Law of Taxation: Technicalities, Philosophies and Perspectives

Law of Taxation: Technicalities, Philosophies and Perspectives
2020-12-04

Dr. Qiang Cai presents the fourth contribution to the Centre for Commercial Law (CCL)’s blog series on “Seeing Commercial Law from Different Perspectives.” This series was launched to celebrate the University of Aberdeen’s 525 anniversary and to showcase CCL members thought-provoking standpoints on researching, teaching, or practising commercial law. Qiang joined the University of Aberdeen in 2020 immediately after completing his doctoral research at the University of Edinburgh. His research and teaching interests include tax law and business law, with a particular focus on tax dispute resolution and the tax challenges of digitalisation. Qiang also maintains interests in law and economics, international politics and white-collar crime.

“An impression about tax law is that it is usually subject to whims of politicians, and fraught with technicalities and complexities. Even Albert Einstein once complained that the hardest thing to understand in the world is income tax. In this School, we do not eliminate technicalities and complexities from our tax courses. Rather, we encourage our students to explore the patterns or even philosophies underlying its subtleties. In analysing specific rules, we repeatedly resort to, and debate about, those basic principles of taxation, such as the equity principle, benefit theory and economic efficiency. The discussion about tax evasion and tax avoidance usually boils down to the question of social justice. The debate about whether a particular country is entitled to tax a cross-border income may largely relate to benefit theory. The analysis of tax impact on corporate structure or business strategies almost certainly involves the efficiency principle. Many of these issues and questions are rather open-ended. A recently debated example concerns the tax challenges of digitalisation: should the taxation on international digital business be based on the principle of value creation, or on the concept of “significant economic presence?” There is no clear-cut answer and there are grey areas. However, we see these grey areas as green fields where we, students of tax law, can contribute our intelligence, our critical thinking, and our perspectives of justice.”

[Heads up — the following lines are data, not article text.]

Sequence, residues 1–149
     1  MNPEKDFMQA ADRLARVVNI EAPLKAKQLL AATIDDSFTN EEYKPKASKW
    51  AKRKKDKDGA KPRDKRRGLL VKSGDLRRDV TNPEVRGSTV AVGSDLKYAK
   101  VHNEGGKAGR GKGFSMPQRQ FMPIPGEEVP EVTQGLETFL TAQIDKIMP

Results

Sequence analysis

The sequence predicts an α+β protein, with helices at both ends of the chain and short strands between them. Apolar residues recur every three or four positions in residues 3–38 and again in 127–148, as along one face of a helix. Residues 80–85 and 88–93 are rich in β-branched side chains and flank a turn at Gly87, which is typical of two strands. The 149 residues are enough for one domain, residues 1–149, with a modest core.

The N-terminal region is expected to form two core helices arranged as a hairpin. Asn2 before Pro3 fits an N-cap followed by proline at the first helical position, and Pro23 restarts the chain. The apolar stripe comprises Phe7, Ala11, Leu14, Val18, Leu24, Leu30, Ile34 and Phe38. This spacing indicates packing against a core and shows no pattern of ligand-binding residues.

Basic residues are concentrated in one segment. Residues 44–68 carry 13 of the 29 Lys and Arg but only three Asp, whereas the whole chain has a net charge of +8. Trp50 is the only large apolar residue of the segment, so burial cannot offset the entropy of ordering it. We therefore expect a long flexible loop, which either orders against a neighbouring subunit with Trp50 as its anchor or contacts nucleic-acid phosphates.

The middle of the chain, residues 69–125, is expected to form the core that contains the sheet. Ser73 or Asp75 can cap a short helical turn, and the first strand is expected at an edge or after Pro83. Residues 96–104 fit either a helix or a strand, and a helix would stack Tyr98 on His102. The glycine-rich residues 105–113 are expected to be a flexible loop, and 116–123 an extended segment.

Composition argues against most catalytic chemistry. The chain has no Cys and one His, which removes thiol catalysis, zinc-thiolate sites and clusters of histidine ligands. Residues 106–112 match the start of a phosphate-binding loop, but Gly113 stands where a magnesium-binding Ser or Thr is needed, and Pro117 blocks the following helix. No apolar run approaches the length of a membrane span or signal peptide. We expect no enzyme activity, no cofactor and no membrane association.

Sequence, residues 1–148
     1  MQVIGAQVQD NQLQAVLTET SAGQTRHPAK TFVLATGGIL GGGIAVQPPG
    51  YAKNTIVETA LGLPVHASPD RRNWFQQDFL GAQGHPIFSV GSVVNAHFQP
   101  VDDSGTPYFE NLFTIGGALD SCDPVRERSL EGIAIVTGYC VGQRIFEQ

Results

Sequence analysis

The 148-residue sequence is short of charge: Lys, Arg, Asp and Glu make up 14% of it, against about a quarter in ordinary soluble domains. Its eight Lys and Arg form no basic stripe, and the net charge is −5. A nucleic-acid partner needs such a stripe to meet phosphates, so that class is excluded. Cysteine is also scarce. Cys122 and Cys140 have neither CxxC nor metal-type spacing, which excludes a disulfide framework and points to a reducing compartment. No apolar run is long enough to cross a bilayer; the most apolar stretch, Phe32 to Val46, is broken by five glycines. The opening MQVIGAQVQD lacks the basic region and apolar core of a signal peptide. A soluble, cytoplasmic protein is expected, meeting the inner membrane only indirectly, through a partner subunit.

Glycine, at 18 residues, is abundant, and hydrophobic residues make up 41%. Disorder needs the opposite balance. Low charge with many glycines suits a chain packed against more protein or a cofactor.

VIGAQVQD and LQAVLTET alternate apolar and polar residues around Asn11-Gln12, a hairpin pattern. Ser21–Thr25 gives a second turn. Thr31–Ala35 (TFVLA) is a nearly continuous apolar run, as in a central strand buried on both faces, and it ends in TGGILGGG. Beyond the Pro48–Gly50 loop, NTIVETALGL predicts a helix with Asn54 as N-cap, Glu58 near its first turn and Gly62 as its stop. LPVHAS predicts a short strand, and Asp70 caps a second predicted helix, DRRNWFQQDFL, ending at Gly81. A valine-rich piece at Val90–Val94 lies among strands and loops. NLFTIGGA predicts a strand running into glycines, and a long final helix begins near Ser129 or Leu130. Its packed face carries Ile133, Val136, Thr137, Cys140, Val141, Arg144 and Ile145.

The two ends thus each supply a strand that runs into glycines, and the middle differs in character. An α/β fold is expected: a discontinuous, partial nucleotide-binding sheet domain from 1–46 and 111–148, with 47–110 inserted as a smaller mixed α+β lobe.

The next contribution to this series by Dr Peter Cserne is titled “Private Law: Transactional or Social?”

Published by School of Law, University of Aberdeen

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